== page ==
Several subsequent pieces of legislation in North Carolina, supported by the Woman’s Right to Know Act’s sponsor Patricia McElraft, have placed further restrictions on abortion in the state. In 2013, McElraft voted to pass Senate Bill 353, which authorized additional regulations on abortion services. One such regulation was the requirement that abortion clinics be licensed as ambulatory surgical centers, which have facilities similar to a hospital’s that are unnecessary for many abortion procedures, such as full operating rooms. SB 353 also required physicians, rather than nurses or other qualified healthcare workers, to be physically present for the administration of the drug in a drug-induced abortion. Finally, SB 353 allowed healthcare providers to refuse to provide abortion services for religious reasons. Other legislation has been passed or proposed, also sponsored by McElraft, which would make changes to the Woman’s Right to Know Act and how it is enforced. In 2015, McElraft sponsored and voted to pass House Bill 465, which, among other regulations, lengthened the twenty-four-hour waiting period established by the Woman’s Right to Know Act in 2011 to seventy-two hours.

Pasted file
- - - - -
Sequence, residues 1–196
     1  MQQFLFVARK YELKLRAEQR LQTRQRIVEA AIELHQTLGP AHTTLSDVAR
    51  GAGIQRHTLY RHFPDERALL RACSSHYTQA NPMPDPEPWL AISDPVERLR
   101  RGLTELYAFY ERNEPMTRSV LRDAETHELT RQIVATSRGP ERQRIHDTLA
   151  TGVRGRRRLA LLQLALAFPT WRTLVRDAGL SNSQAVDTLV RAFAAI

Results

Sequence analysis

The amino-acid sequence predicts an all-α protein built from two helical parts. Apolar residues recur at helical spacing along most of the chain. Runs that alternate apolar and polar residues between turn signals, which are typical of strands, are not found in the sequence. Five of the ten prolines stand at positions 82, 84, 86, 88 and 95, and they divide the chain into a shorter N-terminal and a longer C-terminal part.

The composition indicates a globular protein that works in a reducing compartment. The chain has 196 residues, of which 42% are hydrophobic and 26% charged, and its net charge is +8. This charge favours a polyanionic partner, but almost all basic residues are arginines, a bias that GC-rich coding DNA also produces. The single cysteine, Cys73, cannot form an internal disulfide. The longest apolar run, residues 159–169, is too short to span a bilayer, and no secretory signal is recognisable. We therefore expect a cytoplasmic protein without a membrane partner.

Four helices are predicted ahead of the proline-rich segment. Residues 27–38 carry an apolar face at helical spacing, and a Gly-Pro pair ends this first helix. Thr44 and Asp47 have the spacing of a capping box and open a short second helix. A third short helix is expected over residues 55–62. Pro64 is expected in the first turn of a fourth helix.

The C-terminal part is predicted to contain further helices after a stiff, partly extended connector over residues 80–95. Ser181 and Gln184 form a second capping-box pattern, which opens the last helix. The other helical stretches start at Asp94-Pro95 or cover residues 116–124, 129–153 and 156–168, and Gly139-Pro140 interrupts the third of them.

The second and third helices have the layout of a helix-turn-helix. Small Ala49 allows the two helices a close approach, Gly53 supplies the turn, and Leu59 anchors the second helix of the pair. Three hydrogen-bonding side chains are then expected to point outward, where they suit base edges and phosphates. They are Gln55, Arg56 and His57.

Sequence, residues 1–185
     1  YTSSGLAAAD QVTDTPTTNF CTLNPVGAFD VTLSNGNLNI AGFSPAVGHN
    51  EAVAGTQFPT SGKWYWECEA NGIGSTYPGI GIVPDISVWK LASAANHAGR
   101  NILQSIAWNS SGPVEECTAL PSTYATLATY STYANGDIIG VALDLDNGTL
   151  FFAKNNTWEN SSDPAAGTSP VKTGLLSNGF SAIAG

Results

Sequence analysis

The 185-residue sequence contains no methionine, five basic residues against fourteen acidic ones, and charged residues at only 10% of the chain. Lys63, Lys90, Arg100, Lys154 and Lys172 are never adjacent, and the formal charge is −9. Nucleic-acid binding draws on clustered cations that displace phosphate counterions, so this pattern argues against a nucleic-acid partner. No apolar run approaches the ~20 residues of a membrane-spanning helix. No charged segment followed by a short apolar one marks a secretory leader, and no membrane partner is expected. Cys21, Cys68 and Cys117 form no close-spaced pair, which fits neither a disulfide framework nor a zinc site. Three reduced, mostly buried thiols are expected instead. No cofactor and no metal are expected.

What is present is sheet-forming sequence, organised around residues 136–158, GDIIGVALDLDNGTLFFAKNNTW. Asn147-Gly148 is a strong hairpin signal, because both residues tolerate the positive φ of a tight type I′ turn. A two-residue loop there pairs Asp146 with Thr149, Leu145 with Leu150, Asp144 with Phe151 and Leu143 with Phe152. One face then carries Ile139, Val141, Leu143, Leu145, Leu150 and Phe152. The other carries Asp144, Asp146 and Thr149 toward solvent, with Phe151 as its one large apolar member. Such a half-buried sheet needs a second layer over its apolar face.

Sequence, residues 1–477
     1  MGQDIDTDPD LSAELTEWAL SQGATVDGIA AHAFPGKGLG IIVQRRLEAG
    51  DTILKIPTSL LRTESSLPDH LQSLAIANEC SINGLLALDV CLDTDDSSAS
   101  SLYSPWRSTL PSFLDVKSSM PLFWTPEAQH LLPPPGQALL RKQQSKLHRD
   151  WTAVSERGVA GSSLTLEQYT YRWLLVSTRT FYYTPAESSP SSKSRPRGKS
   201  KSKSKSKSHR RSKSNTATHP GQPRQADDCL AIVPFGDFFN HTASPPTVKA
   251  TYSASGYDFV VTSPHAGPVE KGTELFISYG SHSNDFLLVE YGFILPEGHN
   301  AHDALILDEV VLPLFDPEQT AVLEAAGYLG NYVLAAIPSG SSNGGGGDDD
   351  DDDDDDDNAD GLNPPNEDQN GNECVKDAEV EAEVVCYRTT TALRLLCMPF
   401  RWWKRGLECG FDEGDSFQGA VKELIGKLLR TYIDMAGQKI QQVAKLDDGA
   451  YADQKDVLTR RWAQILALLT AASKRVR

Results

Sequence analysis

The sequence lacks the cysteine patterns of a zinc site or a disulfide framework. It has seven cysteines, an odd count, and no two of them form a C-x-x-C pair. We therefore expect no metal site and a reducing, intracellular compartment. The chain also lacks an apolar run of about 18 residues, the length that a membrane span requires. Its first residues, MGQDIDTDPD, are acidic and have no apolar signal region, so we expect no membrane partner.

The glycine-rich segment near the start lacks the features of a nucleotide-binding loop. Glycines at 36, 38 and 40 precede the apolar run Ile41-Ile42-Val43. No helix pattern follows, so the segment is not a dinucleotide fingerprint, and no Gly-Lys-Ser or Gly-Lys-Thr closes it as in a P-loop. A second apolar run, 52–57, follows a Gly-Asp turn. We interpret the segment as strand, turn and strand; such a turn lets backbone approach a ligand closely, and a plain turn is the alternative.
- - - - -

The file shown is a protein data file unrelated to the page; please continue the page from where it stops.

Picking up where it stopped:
The Woman’s Right to Know Act in North Carolina represented a shift in the state towards increased regulation of abortion providers. The restrictions on abortion outlined in the Woman’s Right to Know Act have since been reinforced or modified by additional regulations. Though the ultrasound provision of the North Carolina Act was struck down in federal court, similar provisions passed by other states have been upheld by other federal courts.
- ACLU of North Carolina. “Federal Court Blocks Demeaning North Carolina Ultrasound Law.” American Civil Liberties Union, October 25, 2011. https://www.acluofnorthcarolina.org/en/press-releases/federal-court-blocks-demeaning-north-carolina-ultrasound-law (Accessed October 28, 2020).
- Adams, David. “North Carolina Ultrasound Law Ruled Illegal by Judge.” Reuters, January 17, 2014. https://www.reuters.com/article/us-usa-northcarolina-abortion/north-carolina-ultrasound-abortion-law-ruled-illegal-by-judge-idUSBREA0H02P20140118 (Accessed October 28, 2020).
- An Act to Require a Twenty-Four-Hour Waiting Period and the Informed Consent of A Pregnant Woman Before an Abortion May Be Performed, House Bill 854, NC. (Passed June 27, 2011).
- Barnes, Robert. “Supreme Court Lets Stand Ruling That Struck Down N.C. Abortion Law.” Washington Post, June 15, 2015. https://www.washingtonpost.com/politics/supreme-court-lets-stand-ruling-that-struck-down-nc-abortion-law/2015/06/15/42fe66fa-1363-11e5-89f3-61410da94eb1_story.html (Accessed October 28, 2020).